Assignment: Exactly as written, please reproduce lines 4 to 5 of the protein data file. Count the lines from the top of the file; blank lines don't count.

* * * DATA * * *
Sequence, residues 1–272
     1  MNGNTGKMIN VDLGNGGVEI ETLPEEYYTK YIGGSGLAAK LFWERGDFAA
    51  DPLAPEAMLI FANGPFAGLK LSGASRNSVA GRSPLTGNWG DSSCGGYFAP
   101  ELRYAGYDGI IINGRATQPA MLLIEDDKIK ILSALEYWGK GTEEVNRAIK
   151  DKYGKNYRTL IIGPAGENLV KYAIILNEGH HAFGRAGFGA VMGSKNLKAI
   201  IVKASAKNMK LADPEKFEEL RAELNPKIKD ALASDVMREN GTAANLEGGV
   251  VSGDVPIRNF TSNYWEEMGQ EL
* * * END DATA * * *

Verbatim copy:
   101  ELRYAGYDGI IINGRATQPA MLLIEDDKIK ILSALEYWGK GTEEVNRAIK
   151  DKYGKNYRTL IIGPAGENLV KYAIILNEGH HAFGRAGFGA VMGSKNLKAI